This feels like a huge shift for in Hollywood for Tolkien's stories: this is the holding company that's held onto the screen rights for things like Lord of the Rings and The Hobbit for decades, and it's one reason why it's been so hard to adapt those films: the rights have been all twisted up or held back by entrenched Hollywood personalities.
This requires a little explanation (bear with me), and a good source on the history of Jackson's film trilogy is Anything You Can Imagine: Peter Jackson & The Making of Middle-earth by film journalist Ian Nathan.
After Tolkien published The Lord of the Rings in the 1950s, they became a big hit in the US (in part, because of some publishing drama when Ace Books published an unauthorized edition) and there was quite a bit of interest in adapting them. The BBC produced a radio drama in 1955 and 1956, which the author wasn't a fan of. "I think the book is quite unsuitable for 'dramatization'," Tolkien wrote to Molly Waldron in November 1955, "and have not enjoyed the broadcasts — though they have improved."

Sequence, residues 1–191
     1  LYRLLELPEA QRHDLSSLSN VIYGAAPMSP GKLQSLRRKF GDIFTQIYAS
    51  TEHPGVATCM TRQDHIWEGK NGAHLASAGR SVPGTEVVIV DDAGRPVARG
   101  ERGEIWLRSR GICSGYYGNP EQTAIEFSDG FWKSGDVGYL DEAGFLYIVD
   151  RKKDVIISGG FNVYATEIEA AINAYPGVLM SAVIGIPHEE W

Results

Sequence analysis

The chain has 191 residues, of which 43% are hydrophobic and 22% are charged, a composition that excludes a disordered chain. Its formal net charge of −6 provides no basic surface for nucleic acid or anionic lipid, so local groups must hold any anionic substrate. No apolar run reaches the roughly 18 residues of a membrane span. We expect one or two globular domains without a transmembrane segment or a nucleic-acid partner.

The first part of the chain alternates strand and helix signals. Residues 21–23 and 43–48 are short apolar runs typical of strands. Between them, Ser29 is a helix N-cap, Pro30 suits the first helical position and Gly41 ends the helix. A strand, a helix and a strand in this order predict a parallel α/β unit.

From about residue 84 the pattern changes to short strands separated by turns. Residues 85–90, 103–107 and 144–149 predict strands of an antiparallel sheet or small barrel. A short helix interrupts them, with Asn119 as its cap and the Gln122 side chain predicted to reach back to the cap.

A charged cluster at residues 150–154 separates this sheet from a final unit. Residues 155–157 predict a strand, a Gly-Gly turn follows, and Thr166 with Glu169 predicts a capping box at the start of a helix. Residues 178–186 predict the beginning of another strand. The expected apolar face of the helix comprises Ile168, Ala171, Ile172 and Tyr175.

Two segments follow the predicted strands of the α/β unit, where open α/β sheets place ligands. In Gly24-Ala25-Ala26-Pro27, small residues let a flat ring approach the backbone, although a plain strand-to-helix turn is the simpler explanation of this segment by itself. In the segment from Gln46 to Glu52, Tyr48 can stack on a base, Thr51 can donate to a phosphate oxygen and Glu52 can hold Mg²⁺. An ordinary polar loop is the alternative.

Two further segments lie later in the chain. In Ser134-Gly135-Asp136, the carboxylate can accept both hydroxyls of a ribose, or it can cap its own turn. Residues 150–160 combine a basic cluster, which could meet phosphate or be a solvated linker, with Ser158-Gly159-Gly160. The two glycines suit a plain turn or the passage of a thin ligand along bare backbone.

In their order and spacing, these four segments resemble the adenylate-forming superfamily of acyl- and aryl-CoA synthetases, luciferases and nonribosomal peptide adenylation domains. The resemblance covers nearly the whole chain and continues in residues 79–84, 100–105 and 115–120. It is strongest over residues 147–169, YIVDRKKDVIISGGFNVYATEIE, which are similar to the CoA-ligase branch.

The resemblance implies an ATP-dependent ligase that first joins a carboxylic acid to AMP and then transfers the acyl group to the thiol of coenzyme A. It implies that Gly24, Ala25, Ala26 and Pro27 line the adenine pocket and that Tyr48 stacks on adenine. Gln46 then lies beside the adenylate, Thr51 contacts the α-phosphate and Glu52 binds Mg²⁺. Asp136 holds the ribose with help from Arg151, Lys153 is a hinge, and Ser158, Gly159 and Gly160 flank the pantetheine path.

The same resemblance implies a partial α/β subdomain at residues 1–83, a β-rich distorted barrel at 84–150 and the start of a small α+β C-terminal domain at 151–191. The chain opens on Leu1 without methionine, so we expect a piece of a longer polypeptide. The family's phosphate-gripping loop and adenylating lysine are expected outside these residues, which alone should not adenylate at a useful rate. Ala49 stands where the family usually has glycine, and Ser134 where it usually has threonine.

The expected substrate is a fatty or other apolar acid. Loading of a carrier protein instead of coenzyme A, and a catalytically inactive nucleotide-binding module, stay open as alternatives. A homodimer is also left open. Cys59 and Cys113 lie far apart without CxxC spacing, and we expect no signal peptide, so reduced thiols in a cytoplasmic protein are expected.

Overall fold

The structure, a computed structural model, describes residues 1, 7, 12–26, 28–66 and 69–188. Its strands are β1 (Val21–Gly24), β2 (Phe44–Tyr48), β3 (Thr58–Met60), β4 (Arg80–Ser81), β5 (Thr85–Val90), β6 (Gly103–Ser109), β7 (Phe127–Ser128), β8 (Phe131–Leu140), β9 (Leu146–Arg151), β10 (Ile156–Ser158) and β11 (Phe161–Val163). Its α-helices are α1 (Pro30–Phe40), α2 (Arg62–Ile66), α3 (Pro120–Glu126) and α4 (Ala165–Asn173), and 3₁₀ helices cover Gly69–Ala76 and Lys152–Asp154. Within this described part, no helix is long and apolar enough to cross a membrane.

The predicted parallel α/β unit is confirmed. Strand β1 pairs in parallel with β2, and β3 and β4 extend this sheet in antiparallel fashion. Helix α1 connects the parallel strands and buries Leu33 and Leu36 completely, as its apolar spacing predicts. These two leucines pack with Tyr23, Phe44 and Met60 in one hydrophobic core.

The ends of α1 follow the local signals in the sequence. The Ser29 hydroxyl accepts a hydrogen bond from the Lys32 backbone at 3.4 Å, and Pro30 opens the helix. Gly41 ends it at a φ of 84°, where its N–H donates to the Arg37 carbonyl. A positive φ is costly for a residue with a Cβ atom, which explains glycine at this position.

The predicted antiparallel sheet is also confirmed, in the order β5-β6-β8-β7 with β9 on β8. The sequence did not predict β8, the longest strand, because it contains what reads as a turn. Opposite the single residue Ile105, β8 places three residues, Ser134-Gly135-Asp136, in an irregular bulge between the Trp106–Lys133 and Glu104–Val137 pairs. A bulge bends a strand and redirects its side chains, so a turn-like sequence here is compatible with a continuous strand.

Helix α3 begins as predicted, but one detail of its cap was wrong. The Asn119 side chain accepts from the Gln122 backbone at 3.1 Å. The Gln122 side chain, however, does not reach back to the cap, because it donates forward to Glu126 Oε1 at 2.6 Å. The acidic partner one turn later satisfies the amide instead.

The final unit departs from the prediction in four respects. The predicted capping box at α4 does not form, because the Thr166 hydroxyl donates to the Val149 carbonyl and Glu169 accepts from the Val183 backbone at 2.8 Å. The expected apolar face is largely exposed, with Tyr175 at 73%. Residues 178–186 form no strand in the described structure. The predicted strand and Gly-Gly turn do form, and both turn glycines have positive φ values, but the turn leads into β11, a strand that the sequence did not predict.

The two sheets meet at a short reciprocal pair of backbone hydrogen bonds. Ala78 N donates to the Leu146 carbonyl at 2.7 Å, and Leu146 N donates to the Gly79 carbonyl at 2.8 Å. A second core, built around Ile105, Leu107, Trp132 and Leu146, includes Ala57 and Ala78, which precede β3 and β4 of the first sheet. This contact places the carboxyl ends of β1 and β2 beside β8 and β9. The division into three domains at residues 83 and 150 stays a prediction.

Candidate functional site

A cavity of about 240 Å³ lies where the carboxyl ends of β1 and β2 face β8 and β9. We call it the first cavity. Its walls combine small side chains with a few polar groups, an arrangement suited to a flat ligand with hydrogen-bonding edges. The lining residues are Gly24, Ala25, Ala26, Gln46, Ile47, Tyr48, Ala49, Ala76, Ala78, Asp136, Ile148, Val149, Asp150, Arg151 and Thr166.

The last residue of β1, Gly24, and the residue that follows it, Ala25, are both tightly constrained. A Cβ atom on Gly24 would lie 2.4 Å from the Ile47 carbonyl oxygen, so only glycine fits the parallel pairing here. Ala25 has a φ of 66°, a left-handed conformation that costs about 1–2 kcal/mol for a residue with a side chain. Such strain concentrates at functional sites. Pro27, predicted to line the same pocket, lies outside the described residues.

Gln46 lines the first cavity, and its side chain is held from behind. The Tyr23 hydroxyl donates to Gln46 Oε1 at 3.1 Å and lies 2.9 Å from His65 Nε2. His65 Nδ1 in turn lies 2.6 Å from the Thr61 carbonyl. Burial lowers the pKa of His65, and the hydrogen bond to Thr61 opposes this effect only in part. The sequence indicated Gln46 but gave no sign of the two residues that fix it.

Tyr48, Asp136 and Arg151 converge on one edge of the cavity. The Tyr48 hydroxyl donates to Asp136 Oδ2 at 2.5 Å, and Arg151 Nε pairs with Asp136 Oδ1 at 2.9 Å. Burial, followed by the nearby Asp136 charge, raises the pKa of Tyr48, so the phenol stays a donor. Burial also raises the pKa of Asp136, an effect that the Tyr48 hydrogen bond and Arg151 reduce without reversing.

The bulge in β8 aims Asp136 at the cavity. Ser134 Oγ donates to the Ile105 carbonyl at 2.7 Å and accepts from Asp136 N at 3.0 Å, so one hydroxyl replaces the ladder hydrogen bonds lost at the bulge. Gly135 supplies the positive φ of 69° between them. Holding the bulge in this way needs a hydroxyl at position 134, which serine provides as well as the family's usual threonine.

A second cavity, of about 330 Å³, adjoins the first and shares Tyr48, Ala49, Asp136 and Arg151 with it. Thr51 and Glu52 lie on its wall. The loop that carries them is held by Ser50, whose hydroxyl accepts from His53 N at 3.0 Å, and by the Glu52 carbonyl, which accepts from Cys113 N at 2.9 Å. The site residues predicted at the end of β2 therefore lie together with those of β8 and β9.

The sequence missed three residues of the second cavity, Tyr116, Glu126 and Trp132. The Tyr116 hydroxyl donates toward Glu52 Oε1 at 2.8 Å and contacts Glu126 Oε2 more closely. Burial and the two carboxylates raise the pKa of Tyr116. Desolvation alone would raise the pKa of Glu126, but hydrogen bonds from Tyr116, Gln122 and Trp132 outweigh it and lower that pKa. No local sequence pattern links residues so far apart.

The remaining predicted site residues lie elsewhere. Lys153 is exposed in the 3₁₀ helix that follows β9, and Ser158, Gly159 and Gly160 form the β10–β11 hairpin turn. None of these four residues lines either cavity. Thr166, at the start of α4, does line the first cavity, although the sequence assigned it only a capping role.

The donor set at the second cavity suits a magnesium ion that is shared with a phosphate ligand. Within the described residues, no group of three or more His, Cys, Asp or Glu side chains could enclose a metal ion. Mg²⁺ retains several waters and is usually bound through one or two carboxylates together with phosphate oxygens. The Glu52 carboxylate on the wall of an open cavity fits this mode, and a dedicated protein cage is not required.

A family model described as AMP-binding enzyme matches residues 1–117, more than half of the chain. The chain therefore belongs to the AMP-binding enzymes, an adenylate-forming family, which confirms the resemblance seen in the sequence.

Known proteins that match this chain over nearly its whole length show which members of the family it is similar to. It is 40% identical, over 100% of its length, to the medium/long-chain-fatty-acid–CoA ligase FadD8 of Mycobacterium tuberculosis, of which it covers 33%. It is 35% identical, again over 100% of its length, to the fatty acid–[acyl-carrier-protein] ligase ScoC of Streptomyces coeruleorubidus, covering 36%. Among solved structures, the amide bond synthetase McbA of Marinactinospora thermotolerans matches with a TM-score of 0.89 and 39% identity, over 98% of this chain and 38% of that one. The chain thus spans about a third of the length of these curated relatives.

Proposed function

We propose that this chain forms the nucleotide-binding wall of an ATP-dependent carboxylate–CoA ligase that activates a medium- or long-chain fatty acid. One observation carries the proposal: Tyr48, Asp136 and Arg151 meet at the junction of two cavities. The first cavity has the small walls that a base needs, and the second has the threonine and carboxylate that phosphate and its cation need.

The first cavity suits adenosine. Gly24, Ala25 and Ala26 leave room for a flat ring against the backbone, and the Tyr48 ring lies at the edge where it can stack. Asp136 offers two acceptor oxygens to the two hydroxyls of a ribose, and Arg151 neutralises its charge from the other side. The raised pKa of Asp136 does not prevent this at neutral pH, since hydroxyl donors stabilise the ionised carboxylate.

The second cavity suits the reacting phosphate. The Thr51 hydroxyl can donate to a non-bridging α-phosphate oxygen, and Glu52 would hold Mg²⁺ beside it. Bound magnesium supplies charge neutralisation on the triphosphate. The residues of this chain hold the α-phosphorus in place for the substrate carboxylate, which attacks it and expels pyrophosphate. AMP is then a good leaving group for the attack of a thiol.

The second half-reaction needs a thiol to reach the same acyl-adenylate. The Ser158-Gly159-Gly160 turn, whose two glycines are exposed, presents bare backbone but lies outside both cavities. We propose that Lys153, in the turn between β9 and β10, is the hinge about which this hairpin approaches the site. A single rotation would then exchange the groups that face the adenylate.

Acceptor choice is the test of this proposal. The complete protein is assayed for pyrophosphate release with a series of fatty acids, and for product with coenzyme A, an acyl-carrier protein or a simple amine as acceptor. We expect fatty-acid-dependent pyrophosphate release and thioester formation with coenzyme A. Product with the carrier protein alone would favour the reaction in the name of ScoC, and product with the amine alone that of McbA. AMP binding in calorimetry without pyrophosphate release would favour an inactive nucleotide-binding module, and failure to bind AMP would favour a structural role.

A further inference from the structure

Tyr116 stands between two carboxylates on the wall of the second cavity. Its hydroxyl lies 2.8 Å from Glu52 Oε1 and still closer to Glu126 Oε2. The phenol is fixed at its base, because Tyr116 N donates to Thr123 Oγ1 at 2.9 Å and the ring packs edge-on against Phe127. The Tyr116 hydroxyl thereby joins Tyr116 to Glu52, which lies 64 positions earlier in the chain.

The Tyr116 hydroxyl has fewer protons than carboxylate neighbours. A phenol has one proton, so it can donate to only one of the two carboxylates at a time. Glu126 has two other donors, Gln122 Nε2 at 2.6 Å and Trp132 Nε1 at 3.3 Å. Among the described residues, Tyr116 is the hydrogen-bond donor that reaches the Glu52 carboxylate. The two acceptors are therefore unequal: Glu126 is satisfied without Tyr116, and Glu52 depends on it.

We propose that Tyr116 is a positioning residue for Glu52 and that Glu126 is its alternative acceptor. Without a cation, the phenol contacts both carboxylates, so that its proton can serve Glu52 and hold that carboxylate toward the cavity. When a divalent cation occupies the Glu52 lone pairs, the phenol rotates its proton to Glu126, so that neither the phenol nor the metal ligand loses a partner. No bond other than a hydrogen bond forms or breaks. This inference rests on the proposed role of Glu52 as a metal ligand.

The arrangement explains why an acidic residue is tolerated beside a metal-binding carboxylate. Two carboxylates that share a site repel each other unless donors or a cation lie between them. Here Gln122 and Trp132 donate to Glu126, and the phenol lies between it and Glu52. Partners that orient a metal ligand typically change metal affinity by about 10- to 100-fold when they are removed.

Tolkien wasn't entirely opposed to further adaptations. He wrote to his publisher, Rayner Unwin in 1957 after an inquiry came about adapting the books. "I should welcome the idea of an animated motion picture, with all the risk of vulgarization," and after seeing their treatment a couple of months later, "an abridgment by selection with some good picture-work would be pleasant & perhaps worth a good deal in publicity; but the present script is rather a compression with resultant over-crowding and confusion, blurring of climaxes, and general degradation: a pull-back towards more conventional 'fairy-stories'... I am quite prepared to play ball, if they are open to advice — and if you decide the thing is genuine, and worthwhile."